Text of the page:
In a Tarot reading, both the reader and enquirer sit down together, and in essence, converse by telepathy, with the cards helping the reader to decode the telepathic signals coming from the other person. This is a natural ability but it can be trained, and reading Tarot is a way of training this ability for conscious use. The reader ‘uploads’ this ‘programme’ by learning the meanings and associations of the cards. With much repetition and practice, this programming becomes almost second nature, and the cards may act now, not only as technical support but as a springboard for insights prompted by lateral or associative thinking, backed up by instinct.

Tarot Cards

Each card has many keywords attached. These represent the basic building bricks of the reading.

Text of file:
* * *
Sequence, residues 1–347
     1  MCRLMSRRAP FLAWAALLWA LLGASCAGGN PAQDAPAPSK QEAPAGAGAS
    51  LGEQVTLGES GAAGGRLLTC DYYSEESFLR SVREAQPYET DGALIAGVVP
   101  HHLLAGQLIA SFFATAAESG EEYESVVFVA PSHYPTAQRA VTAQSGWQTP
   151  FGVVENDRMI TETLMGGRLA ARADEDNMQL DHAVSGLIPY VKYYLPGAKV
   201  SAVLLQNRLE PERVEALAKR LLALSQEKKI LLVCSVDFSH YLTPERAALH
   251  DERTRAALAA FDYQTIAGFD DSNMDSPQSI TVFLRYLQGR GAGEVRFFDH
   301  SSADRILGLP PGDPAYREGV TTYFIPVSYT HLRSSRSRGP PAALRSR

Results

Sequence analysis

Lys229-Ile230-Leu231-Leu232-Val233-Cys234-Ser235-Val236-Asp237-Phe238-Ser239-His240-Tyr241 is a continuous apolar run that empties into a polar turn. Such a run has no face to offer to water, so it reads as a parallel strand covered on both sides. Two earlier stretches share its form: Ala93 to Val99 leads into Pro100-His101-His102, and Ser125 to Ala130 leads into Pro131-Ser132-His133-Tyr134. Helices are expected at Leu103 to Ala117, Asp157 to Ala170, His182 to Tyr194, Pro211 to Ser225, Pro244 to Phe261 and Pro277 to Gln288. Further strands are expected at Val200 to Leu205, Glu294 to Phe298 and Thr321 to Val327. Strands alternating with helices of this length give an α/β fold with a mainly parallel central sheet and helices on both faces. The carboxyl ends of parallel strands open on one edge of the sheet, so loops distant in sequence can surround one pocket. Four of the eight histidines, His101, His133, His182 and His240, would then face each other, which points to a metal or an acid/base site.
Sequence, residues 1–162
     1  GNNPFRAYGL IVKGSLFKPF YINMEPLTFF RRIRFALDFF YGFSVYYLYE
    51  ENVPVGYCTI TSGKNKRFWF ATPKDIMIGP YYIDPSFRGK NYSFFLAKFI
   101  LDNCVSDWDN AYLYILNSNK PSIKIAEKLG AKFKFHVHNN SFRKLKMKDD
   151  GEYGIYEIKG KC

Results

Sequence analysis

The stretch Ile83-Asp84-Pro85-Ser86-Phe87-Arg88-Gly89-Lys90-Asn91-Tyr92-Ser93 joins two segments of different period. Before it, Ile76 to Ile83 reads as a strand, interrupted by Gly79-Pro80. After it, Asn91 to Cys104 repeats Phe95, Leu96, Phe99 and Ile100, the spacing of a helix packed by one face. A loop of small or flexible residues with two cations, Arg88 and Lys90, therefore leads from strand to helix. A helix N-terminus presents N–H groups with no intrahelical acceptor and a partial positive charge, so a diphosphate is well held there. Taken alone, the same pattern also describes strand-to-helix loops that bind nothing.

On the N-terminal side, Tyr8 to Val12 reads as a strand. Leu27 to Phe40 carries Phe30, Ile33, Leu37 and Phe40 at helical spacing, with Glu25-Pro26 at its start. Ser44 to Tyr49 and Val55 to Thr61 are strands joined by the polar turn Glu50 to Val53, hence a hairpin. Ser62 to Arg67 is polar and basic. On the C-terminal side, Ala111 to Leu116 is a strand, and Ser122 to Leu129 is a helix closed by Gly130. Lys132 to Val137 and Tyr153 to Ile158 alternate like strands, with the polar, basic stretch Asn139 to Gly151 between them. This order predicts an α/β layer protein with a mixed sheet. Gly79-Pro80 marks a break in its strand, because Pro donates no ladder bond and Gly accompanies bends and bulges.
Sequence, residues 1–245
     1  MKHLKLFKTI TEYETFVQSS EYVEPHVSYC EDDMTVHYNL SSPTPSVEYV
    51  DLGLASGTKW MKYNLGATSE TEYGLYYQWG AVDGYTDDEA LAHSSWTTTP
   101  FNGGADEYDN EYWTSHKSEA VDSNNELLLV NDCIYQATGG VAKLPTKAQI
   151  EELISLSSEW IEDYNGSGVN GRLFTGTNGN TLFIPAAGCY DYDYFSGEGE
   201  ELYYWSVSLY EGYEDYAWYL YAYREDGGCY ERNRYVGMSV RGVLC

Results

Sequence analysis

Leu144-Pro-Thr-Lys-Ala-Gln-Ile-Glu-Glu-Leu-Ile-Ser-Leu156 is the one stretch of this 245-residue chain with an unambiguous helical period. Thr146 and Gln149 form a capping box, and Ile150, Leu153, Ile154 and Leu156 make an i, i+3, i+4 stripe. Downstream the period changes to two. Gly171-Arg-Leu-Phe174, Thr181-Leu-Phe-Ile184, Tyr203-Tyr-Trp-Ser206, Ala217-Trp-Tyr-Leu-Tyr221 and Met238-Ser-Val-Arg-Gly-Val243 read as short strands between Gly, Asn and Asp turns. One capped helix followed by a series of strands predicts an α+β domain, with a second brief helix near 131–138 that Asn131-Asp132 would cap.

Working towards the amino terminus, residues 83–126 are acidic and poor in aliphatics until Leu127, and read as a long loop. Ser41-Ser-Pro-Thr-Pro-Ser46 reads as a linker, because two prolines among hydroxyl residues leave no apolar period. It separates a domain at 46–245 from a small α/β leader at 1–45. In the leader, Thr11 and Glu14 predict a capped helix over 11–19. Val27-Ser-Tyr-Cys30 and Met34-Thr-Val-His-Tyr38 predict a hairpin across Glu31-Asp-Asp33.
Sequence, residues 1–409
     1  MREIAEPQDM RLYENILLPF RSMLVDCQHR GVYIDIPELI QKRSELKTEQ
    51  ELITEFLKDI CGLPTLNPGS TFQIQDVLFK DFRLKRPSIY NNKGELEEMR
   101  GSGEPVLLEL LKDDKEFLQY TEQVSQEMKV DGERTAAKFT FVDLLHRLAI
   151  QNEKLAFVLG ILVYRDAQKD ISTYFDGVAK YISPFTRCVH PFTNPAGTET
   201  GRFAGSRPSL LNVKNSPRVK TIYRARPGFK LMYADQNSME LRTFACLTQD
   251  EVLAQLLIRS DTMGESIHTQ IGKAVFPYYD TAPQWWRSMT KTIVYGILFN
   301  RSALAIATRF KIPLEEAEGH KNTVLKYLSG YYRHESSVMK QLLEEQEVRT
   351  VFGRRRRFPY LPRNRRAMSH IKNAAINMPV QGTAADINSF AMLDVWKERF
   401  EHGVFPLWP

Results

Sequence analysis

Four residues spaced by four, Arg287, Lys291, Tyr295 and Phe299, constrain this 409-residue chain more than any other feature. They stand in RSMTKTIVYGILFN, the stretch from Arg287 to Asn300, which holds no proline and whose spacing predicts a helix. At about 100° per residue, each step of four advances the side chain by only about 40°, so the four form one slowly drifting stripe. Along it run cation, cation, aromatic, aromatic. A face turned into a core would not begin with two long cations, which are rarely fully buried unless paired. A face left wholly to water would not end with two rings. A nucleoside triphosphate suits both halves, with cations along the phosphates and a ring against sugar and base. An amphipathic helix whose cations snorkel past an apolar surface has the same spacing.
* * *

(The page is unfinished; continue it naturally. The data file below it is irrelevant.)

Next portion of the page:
The Chariot card, for instance, signifies a vehicle, a driving test, a garage, a road trip, travel. Also, ambition (yours?) progress on a project, teamwork, discipline, and also the zodiac sign of Cancer and the dates associated with this sign (June 21-July 22)

John William Waterhouse - Sketch of Circe, 1911-1914

John William Waterhouse – Sketch of Circe, 1911-1914 (public domain)

But how does the reader

1:  choose cards which so appropriately describe things you have not yet told the reader?

2:  choose which of the many possible card interpretations to go with

The answer is, the reader doesn’t know; they simply make a judgment call and go with their first impressions, trusting the unconscious process.

There could be a form of telepathy at work between the reader and the enquirer. Tarot reading is only one activity illustrating a natural talent of the normal human mind.

Intuition is your inner understanding. We all possess it to some degree. Tarot helps us give it words.